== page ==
Ordered Liberty: A Constitutional History of New York

By Peter J. Galie | Go to book overview

6
Commerce, Canals, and
the Common Man:
The Constitutional
Convention of 1846

[The] first constitution ever formed that rested
not nominally but, in fact, on a popular
foundation.

Churchill Cambreling, convention delegate, 1846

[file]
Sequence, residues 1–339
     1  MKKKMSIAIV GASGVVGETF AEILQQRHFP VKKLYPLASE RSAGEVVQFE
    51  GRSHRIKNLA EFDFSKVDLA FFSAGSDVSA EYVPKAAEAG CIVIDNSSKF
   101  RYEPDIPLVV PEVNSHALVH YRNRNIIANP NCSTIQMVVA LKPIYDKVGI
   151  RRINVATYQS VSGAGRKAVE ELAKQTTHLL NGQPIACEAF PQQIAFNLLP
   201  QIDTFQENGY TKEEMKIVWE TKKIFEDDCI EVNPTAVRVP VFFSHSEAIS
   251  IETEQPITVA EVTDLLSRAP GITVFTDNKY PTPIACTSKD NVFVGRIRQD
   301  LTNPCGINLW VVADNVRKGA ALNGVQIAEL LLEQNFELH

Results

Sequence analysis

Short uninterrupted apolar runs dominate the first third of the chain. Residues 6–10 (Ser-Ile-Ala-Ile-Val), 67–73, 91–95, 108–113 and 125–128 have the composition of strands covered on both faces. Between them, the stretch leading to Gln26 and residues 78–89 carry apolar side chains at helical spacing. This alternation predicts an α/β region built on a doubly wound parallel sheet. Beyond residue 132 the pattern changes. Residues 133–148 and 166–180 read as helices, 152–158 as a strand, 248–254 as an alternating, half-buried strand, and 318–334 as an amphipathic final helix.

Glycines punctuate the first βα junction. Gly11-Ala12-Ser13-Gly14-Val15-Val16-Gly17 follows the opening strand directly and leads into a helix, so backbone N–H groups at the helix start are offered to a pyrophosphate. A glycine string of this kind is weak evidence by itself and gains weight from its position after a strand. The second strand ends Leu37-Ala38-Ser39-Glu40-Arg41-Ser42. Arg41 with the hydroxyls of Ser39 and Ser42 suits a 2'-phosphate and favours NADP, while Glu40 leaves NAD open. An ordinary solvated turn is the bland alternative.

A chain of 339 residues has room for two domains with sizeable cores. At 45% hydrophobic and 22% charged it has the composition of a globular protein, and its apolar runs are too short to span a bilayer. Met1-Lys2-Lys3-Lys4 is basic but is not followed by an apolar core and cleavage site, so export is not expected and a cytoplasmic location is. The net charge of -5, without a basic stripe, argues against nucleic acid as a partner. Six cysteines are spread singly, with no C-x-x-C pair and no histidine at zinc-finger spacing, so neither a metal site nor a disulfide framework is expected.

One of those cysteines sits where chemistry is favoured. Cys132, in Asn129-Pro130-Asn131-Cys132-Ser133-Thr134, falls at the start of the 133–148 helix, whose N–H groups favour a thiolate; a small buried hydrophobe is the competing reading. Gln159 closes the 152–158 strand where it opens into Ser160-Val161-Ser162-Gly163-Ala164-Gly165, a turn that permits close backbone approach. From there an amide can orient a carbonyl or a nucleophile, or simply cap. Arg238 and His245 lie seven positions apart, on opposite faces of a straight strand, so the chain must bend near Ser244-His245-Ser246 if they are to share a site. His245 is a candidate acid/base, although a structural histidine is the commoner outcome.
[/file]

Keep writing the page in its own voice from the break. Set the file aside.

CONTINUING SCHOLARLY CONTROVERSIES over the meaning of Jacksonian Democracy notwithstanding, New York did, in fact, experience an egalitarian revolution between 1815 and the Civil War. 1 The liberalization of suffrage in the 1821 Constitution was the first constitutional manifestation of this revoluation. Another manifestation was the 1821 convention's decision to build a constitutional amendment procedure into the new constitution. The process of liberalization and democratization did not cease with the adoption of the 1821 Constitution. Of the eight amendments added to that constitution between 1822 and 1846, five expanded popular participation in government. The office of justice of the peace was made elective in 1822; universal white male suffrage was adopted explicitly in 1826; city mayors were made elective in 1833 and 1839; and all property qualifications for holding any public office were abolished in 1846. Prior to the 1846 convention the fundamentals of political democracy were in place, with the significant exceptions of the restrictions on political participation by African- Americans and women. Political democracy was no longer the divisive issue it had been in the revolutionary confederation and early national periods, but the egalitarian impulse had not fully expended itself. Demands came from a variety of quarters to give the people a more direct voice in their government.

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